Review of the National Rural Locum Program - Final Report - April 2011

Efficiency of the NRLP

Page last updated: 04 July 2012


Reporting requirements to the Department of Health and Ageing have been streamlined and agreed over time with the administering bodies. None of the schemes reported these to be significant or onerous.

Administrative costs

There is a significant level of overhead cost being incurred with the scheme being administered by separate agencies. This is especially so for RGPLP, which has two layers of administration within its structure.

It is clear that SOLS is performing well and with total secretariat costs at 16% it is difficult to argue for any changes to the administrative structure of the program.

GPALS, on the other hand, has had unacceptably high administrative costs per placement. With low requests for placement and low locum numbers, it is difficult to argue that GPALS should continue to be administered by a separate organisation. Options for amalgamation with SOLS or RGPLP should be considered. Alternatively, the program could be discontinued altogether, however, it is recognised that there is a continuing need for anaesthetists to be available to support obstetricians in the surgical component of their work, which in turn benefits the rural community.

Secretariat expenses for RHWA, together with the administration fee for RWA totals administration expenses at 29.7% of the total budget for the funding period. It is acknowledged that the administrative costs for a new program are always higher in the initial set up phase and it is anticipated that the costs for the period 1 July 2010 to 30 June 2011 will be slightly lower at 26.7%.

Of the RHWA secretariat expenses for the current funding period, 20% is budgeted for marketing and promotion and website and database development. It is likely that these costs will be reduced in the next funding period now that much of the establishment of the program has been completed.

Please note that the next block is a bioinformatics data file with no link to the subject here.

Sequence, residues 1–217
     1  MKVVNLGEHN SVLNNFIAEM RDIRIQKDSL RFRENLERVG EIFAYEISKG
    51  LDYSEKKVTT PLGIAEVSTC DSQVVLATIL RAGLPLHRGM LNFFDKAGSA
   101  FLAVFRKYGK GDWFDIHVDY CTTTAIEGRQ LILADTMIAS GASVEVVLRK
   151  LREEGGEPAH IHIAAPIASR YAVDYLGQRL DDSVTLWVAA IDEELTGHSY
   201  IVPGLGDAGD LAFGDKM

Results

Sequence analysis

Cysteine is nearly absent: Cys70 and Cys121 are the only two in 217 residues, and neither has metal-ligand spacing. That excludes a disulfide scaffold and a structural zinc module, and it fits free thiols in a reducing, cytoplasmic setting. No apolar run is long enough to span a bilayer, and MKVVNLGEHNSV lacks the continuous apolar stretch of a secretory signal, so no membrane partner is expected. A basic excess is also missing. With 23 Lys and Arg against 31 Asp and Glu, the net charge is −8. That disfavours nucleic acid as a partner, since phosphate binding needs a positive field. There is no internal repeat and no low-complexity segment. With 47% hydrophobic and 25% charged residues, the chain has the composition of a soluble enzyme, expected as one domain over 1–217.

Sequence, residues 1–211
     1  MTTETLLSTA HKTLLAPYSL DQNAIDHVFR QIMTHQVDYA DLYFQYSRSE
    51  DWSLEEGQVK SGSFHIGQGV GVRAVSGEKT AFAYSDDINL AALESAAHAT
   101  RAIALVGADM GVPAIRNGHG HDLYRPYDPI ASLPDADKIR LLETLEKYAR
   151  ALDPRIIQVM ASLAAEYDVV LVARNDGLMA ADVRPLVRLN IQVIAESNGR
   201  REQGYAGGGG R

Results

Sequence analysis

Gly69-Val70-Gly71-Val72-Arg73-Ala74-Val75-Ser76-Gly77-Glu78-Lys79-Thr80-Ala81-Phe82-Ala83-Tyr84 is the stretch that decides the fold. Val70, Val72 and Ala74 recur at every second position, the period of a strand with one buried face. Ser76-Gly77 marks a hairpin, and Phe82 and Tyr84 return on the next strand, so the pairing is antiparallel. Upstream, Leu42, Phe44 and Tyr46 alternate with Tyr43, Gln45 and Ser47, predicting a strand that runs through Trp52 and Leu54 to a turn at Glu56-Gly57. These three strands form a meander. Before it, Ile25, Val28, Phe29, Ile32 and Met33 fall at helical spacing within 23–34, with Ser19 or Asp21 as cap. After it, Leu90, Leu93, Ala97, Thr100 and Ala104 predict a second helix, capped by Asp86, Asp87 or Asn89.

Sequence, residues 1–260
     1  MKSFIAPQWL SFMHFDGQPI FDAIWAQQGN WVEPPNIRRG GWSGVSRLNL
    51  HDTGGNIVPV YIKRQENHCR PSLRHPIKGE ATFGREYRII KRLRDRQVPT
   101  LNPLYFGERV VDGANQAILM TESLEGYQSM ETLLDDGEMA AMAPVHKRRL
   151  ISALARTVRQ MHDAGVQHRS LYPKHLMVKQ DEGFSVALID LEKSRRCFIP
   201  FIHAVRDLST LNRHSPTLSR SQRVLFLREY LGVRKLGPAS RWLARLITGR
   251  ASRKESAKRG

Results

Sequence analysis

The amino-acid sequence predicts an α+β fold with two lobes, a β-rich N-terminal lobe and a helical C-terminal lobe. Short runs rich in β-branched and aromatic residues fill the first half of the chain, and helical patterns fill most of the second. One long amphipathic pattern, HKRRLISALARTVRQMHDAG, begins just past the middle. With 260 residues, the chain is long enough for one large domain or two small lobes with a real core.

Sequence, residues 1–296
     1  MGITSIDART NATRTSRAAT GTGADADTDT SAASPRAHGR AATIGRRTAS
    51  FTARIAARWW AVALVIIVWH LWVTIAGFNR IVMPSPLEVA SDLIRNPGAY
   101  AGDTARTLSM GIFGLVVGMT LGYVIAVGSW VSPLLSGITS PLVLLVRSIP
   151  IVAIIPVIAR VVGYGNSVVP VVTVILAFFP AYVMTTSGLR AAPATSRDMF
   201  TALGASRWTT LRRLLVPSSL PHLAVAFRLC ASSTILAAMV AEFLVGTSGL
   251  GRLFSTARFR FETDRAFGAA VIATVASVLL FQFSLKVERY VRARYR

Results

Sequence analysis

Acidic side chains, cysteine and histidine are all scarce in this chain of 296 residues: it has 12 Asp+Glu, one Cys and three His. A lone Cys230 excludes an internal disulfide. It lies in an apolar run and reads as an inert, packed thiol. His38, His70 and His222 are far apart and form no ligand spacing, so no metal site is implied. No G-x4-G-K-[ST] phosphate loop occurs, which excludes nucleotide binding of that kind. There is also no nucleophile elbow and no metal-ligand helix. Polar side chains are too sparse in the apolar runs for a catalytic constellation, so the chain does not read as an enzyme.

Clearly the efficiency of the program in terms of administration costs is affected by the two layers of administration in RHWA and the RWAs.

However, the value of an overarching coordinating body can be argued, particularly in the set up phase of a new national program such as the RGPLP. RHWA:

  • has enabled the development of a national database of locums so that the RWAs have access to a larger supply of locums than just those registered with their agency
  • has played an important role in delivering a national marketing program and developing program guidelines and materials
  • as a national body can vary the target placements across the states and Northern Territory and can provide a more targeted approach to the areas of most need
  • has developed a good platform for the RGPLP with which other locum programs and Government initiatives draw linkages
  • has provided a means of networking and sharing information between the RWAs
  • collates and reports on the national performance of the RGPLP.

The role of the RHWA in going forward must be evaluated and defined. It is now well positioned to play a more strategic role in improving locum supply overall and to better target the provision of locum and subsidy relief. However, there is a need to monitor the administrative costs of the RGPLP and to ensure the role of the RHWA continues to provide value to the program.

Clearly, there are opportunities to streamline the administrative structure of the NRLP and improve the overall efficiency of the program. Options to amalgamate some or all of the programs should be considered.